The Dodgers' task is gargantuan but not impossible. It is uncommon but not unprecedented.
The key, it would seem, is to disregard one of the oldest adages in the history of sport and to not only take their eyes off the prize but to avoid looking at it, the way one avoids looking at the setting sun. Because advancing to the World Series, which is the whole reason they play these National League Championship Series anyway, has to be the last thing on the Dodgers' minds as they take the field for Game 5 with the Philadelphia Phillies tonight at Dodger Stadium.
"We win (this game), that would be the start," Los Angeles Dodgers manager Joe Torre said on Tuesday, when he originally had planned to hold a team workout before scrapping it after the Dodgers fell behind three games to one by losing Game 4 on Monday night 7-5.
"Knowing you have to win all the remaining games of the series - if you go at it thinking that, as opposed to winning (Game 5), I think that could be a hindrance for you."
"What we have to do is make sure we just put the blinkers on and win this game and then concern ourselves with the next day and hopefully Game 7."
So the Dodgers, starting at 5:22 p.m., will be playing for the right to advance to Philadelphia. And while that doesn't sound like a big prize to anyone who isn't a history buff or doesn't really like cheesesteak sandwiches, what it would mean for the Dodgers is life. No more of it than they have right
now, because they still would be one loss away from elimination. But no less of it, either, and that is the important thing.
From here on out, from the Dodgers' vantage point, every game in this series is Game 7.
So without so much as addressing the Dodgers' keys for winning the series if they can actually get it back to Citizens Bank Park, here are a few of their keys to getting it safely out of Los Angeles:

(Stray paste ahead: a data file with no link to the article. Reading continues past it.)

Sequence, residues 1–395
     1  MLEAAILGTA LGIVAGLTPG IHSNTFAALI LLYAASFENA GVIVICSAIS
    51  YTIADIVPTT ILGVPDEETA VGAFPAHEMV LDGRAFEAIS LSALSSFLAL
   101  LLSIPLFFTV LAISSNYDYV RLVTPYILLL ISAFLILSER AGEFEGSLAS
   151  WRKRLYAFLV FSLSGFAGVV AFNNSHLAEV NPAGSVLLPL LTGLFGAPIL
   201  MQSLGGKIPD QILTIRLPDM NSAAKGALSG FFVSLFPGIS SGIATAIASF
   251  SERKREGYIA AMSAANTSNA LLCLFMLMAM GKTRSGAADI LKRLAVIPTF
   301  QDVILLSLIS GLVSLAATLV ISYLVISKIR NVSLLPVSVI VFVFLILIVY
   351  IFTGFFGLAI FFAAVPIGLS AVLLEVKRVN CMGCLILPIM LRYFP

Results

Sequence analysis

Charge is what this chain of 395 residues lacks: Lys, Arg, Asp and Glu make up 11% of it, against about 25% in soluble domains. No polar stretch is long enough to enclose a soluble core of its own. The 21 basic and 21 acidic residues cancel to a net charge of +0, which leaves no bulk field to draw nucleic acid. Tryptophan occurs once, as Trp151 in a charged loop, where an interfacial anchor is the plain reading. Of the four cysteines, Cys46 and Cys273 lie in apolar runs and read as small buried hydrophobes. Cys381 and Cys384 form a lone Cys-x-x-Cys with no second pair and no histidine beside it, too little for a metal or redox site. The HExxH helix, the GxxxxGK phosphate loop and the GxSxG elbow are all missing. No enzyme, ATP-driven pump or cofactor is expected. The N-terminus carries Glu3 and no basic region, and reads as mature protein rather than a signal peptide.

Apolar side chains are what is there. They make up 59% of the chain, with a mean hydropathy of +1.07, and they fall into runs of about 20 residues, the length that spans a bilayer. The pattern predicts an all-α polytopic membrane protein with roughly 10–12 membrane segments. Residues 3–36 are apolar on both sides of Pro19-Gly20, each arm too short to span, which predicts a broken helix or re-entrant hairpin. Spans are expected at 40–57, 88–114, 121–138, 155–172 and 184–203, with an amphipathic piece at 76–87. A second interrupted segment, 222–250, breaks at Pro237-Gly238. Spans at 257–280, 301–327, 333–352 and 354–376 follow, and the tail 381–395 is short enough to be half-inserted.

They must get a standup pitching performance from Chad Billingsley, whose failure to retaliate for several inside pitches thrown at Dodgers hitters by Phillies starter Brett Myers was the least of his problems in Game 2.
Billingsley had no command and at times seemed to have a deer-in-the-headlights look in his eyes.
This time, Billingsley has to block out the hype and be himself - the same pitcher who went 16-10, pitched 200 innings and struck out 201 batters for the Dodgers during the regular season and dominated the Chicago Cubs in Game 2 of the division series.
They must find some way to generate some offense against Cole Hamels, the Phillies' ace left-hander who more or less shut them down in Game 1 and whose three almost-identical pitching lines in three starts against the Dodgers this season add up to six runs on 16 hits over 21 innings, a 2-0 record and a 2.57 ERA.
This isn't as difficult as it sounds. Hamels is one of the league's best starters, but the Dodgers still looked like they had an idea in Game 1. And if Manny Ramirez's RBI double in the Dodgers' one-run first inning had been a two-run homer - it missed being exactly that by no more than a foot in two different directions - who knows what would have happened in what became a one-run loss for the Dodgers.
Finally, they must play loose and confident, not tight and panicked. The reality that this magical season could be over in a few hours can't be hanging over their heads like some sort of guillotine. This is still baseball, and it is still supposed to be fun. And hey, what is the worst that can happen?
That the offseason begins a few days early? That the Dodgers get only two champagne showers (which is still one more than they have had in any year since 1988) instead of four? That they don't get another all-expenses-paid trip to Philadelphia?